Richter offers students deal to cut their payroll taxes

Labour Minister Ján Richter has offered a compromise to college and university students who have threatened to take to the streets in protest at the introduction of a significant rise in the levies they are supposed to pay on so-called work-performance contracts (by which many students are employed in short-term or vacation jobs) as of next year, the TASR newswire reported on Thursday, October 11.

Labour Minister Ján Richter has offered a compromise to college and university students who have threatened to take to the streets in protest at the introduction of a significant rise in the levies they are supposed to pay on so-called work-performance contracts (by which many students are employed in short-term or vacation jobs) as of next year, the TASR newswire reported on Thursday, October 11.

The minister, however, was reluctant to give details of exactly what he had offered the students, indicating only that the higher levies ought to apply only to earnings above a certain threshold. He was speaking after a meeting with representatives of the University Student Council at the presidential palace that was also attended by President Ivan Gašparovič, Education Minister Dušan Čaplovič and Finance Ministry State Secretary Peter Pellegrini.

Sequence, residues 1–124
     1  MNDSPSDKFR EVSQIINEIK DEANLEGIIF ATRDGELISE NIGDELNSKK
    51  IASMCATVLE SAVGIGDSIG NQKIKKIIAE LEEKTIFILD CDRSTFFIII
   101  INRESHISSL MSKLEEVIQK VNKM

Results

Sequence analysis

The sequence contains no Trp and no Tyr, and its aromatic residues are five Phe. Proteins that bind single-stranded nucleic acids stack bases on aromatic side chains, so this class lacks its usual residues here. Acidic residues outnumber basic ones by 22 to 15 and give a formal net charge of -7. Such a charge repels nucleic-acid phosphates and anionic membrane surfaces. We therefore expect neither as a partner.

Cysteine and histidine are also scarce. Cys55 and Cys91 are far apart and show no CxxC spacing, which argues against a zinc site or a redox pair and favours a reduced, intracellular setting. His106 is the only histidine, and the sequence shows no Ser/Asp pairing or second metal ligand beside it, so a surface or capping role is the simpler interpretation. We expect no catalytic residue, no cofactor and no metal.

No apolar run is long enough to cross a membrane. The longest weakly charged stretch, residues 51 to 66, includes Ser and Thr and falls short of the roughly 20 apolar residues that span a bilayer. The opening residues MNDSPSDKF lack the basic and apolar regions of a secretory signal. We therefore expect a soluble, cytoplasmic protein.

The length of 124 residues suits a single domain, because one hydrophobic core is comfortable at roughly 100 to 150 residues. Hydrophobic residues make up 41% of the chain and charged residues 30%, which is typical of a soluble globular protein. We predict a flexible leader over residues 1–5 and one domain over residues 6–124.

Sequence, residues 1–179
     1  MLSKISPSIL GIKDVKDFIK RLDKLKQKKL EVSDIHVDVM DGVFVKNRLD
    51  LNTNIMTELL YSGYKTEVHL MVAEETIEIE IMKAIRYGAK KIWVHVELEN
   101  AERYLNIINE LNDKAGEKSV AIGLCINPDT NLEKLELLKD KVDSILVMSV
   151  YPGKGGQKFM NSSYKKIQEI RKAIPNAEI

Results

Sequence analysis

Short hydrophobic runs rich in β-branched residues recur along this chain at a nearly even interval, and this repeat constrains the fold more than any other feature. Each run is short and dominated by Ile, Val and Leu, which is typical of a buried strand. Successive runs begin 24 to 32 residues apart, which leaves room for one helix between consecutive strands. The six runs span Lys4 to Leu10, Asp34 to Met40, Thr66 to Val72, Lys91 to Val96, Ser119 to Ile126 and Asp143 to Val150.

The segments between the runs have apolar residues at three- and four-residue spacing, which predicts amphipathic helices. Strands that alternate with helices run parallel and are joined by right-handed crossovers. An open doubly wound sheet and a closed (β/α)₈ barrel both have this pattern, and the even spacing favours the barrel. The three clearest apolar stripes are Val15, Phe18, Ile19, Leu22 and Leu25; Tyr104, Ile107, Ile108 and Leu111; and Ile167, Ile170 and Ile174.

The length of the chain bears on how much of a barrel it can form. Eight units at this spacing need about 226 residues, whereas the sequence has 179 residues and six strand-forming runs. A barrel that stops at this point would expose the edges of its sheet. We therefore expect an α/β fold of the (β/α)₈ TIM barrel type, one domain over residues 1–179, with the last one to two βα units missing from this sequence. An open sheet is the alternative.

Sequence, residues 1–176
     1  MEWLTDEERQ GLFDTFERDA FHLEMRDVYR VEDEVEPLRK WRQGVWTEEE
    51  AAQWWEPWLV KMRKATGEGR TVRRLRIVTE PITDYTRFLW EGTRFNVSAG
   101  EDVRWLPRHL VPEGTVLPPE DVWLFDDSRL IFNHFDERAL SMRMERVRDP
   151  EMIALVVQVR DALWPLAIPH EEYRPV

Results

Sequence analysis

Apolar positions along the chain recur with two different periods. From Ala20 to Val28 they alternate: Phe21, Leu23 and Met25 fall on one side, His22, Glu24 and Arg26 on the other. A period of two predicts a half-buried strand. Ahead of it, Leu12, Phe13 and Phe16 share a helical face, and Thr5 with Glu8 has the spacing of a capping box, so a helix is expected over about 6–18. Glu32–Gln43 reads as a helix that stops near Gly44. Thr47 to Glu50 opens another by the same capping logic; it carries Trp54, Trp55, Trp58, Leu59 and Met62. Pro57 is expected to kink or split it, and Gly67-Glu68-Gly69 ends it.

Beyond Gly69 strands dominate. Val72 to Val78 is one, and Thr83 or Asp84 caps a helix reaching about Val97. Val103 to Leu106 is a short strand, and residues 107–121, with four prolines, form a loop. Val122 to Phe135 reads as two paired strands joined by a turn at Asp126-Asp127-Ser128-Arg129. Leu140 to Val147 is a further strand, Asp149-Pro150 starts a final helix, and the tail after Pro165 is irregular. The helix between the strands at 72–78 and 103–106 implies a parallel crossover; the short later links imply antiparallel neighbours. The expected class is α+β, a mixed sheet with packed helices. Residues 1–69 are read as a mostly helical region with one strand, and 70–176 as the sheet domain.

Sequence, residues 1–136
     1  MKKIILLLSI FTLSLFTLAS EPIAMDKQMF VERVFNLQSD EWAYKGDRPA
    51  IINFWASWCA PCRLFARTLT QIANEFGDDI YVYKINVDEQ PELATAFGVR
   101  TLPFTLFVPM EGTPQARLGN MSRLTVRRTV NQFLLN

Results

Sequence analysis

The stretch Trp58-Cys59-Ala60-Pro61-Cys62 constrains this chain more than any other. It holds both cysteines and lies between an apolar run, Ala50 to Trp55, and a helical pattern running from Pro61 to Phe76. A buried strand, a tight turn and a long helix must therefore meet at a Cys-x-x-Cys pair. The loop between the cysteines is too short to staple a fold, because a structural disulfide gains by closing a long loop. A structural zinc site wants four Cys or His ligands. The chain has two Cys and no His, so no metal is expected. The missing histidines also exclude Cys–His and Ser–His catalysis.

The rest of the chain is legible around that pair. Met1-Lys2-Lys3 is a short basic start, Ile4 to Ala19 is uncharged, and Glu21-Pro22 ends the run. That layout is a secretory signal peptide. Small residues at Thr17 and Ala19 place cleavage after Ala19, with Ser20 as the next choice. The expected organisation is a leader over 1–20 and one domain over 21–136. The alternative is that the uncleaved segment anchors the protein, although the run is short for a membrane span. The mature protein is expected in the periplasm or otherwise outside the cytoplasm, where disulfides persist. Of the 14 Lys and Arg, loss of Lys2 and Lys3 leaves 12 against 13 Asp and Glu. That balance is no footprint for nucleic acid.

"The idea is to preserve the current levies, that is 1.05 percent on earnings up to a specific sum," said Richter. It remains to be seen whether students will accept Richter's plan; a general meeting of the University Student Council is due this weekend. However, council head Katarina Stoláriková said on Thursday that she personally was happy with the idea. Regardless of the conclusion reached at the council's general assembly, students will take to the streets in Bratislava, Košice, Banská Bystrica and Žilina on October 23. If agreement has been reached by then on the levies issue the gatherings will serve as an open public discussion about higher education, Stoláriková said.

Source: TASR

Compiled by Zuzana Vilikovská from press reports
The Slovak Spectator cannot vouch for the accuracy of the information presented in its Flash News postings.

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